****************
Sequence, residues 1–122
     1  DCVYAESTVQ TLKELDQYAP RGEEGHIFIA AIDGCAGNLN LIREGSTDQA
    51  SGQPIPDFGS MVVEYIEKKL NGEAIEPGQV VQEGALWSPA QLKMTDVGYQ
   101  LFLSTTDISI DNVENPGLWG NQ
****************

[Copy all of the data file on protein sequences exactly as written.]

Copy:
Sequence, residues 1–122
     1  DCVYAESTVQ TLKELDQYAP RGEEGHIFIA AIDGCAGNLN LIREGSTDQA
    51  SGQPIPDFGS MVVEYIEKKL NGEAIEPGQV VQEGALWSPA QLKMTDVGYQ
   101  LFLSTTDISI DNVENPGLWG NQ